BELFIELD, N.D. – It’s beginning to look a lot like spring at Tessier Herefords, although mixed in with the sunny, warmer days are a few cooler nights and mornings. On at least one day, afternoon temperatures rose to 50 degrees.

The ice and snowy patches across the pastures have dried up and the mud is gone, leaving dry grass for the cows to calve on.

“It has dried up nicely, even on the hilltops, and with the warmer weather, we can calve out on the pasture. The cows do better calving outdoors,” Zach Tessier Zach, who owns and operates Tessier Herefords with Lacey (Larissa) and their two kids, Hadley Jo and Hayden.

When the calves are born, the Tessiers place an ear tag in them, weigh them and will start collecting data on the registered calves. They will brand calves later in the summer.

“Branding is a big event. Everyone comes and helps and we will go and help them at their brandings. It is a lot of fun to see everyone and we get the work done,” Lacey said. Calves are also vaccinated at the branding.

This week, new calves are bouncing around the pastures with their moms, and the Tessiers’ Hereford cows are well known for their mothering abilities.

The kids are delighted with the calves.

“The kids enjoy watching the new calves jumping and running around the pasture,” Lacey said.

So far, the Tessiers have about 70 calves on the ground.

In May, the Tessiers will begin their rebreeding and breeding program. They first A-I the registered Hereford cows to registered bulls they have decided on in advance.

“We have an extensive A-I and embryo transfer program, and we strive to use the best possible genetics,” Zach said. “Lacey and I feel that using the best bulls and females available will keep our bull customers profitable for many years to come.” 

The Tessiers are able to increase the amount of registered calves they will have at calving through embryo transfer.

 “Our commercial cows carry embryos to advance our genetics to pair the best bulls with the best cows, and gain more registered calves with the right genetics,” Lacey said.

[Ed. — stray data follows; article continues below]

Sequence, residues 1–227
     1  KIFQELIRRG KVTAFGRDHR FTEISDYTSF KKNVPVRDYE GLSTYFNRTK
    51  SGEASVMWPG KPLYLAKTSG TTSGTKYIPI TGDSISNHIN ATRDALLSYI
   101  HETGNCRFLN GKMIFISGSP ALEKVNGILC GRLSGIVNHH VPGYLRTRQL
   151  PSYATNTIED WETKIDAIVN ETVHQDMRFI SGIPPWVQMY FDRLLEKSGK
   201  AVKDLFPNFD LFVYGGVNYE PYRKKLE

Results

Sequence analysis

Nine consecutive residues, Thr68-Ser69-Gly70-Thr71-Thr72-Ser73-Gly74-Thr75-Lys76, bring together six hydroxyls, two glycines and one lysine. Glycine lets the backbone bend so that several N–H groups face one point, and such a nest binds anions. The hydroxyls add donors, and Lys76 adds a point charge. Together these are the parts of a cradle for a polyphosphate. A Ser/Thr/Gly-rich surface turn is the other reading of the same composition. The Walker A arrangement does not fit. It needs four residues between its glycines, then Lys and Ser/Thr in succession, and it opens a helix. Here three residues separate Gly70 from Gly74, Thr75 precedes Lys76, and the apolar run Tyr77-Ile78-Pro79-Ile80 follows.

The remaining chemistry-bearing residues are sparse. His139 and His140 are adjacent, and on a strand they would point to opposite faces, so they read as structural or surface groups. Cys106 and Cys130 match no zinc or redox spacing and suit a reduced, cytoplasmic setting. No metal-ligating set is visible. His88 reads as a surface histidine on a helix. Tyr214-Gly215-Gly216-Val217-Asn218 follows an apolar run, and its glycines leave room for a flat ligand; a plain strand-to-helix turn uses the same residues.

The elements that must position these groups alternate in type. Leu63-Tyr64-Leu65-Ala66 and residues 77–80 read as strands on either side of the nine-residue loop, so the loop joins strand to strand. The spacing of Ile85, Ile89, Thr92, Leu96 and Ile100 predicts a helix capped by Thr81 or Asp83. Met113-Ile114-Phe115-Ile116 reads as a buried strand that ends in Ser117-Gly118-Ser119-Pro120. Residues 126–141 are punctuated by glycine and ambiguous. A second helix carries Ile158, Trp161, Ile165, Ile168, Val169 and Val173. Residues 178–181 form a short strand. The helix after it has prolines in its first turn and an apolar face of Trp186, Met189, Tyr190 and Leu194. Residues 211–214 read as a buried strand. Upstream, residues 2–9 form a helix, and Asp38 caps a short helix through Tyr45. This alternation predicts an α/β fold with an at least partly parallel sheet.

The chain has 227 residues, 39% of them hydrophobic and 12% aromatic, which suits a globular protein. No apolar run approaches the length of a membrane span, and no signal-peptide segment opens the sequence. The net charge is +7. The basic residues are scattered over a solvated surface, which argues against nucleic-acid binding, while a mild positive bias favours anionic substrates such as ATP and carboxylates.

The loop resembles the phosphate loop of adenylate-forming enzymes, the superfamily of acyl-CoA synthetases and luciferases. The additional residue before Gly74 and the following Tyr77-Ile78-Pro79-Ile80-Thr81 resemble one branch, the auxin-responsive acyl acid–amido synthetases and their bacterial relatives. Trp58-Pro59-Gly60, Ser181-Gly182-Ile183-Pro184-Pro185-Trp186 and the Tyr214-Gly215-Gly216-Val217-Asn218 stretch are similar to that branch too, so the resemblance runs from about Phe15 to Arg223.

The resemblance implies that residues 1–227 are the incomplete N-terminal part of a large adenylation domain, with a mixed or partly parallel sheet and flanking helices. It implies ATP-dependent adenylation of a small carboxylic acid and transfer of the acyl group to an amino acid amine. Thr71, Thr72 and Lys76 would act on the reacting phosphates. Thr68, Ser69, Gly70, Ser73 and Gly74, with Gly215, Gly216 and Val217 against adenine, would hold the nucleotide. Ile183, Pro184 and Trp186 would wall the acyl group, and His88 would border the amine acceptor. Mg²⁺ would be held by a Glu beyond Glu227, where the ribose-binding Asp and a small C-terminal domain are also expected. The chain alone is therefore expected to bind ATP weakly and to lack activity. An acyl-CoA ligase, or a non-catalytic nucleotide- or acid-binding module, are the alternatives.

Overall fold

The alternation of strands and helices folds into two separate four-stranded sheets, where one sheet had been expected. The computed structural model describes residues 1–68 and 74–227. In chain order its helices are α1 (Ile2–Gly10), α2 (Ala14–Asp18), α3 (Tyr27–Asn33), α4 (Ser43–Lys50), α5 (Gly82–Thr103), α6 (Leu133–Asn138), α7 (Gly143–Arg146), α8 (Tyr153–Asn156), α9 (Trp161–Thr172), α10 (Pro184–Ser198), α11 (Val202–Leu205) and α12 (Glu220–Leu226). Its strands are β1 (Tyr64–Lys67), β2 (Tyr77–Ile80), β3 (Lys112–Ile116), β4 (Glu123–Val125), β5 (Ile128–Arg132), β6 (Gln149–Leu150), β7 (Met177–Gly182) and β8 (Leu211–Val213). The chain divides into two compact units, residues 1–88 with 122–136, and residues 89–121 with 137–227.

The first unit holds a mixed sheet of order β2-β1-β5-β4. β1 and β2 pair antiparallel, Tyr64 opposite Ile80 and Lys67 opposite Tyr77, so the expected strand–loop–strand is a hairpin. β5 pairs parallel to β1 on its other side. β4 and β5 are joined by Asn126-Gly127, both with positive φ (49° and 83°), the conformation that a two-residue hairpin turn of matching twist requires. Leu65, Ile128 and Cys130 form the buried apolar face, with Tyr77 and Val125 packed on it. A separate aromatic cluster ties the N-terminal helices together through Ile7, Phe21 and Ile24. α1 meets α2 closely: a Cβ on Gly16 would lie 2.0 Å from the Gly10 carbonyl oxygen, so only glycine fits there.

Lacey explained the eggs are fertilized and implanted into donor cows when they come into estrus. Approximately seven days after insemination, embryos are flushed from the donor’s uterus and transferred into surrogate cows.

The embryos are also cryopreserved just like A-I straws.

Zach explained how the embryos are graded:

“They grade embryos three ways: the best of the best is a 1grade; the second best is a 2 grade and the third best cannot be frozen but if you have a cow on hand with you when they flush, you can immediately place it in the cow,” Zach said. “Last year, we received 12 embryos and all of them worked.”

Heart River Genetics will flush their cows again this year and their embryologist will come out to the ranch to insert them.

The Tessiers will then be getting ready for summer grazing in their five pastures, some in the rough Badlands, by the end of May. The commercial and registered herds run together.

“We start cell grazing starting at home, and every two weeks, we move them to a different cell,” Zach said.

In the summer, the cow/calf pairs graze in a large season-long pasture lush in the summer with diverse plants in the native prairie.

“We keep ’em in front of fresh native grasses and make sure we move them often,” Zach said.

In June, they will begin haying.

“I take the tractor out (and the other haying equipment) in mid-June, and it doesn’t stop running until mid-August,” Zach said. The Tessiers put up some 1,200-1,300 bales of hay for their herds.

Later, they go back and haul the bales home for winter.

Meanwhile, the registered bulls that were sold at the bull sale are still in the pen being fed. Zach plans to deliver them to their new homes in a couple of weeks.

The Tessiers will be watching the skies this spring for good, timely rains to keep the native prairie grasses growing and the hay in the fields growing.

Lacey and Zach plan to take their kids out to rodeos all over the region so they can participate in riding mini broncs, and competing in barrel racing, fly racing and other fun and challenging rodeo events.

“Both Hayden and Hadley Jo want to be involved in rodeo like Zach and I were,” Lacey said.

The Tessiers wanted to thank their readers for following along with them this past fall and winter.

They hope to see everyone at their annual bull sale in 2020, which will be on the first Saturday in March.

(As this is the Tessiers final report, Farm & Ranch Guide wants to thank them for allowing us to come out to their ranch on a 29 degrees below zero day and still taking us around the ranch. We want to thank them for all their reports and photos, and wish them the best of luck in all their future endeavors.)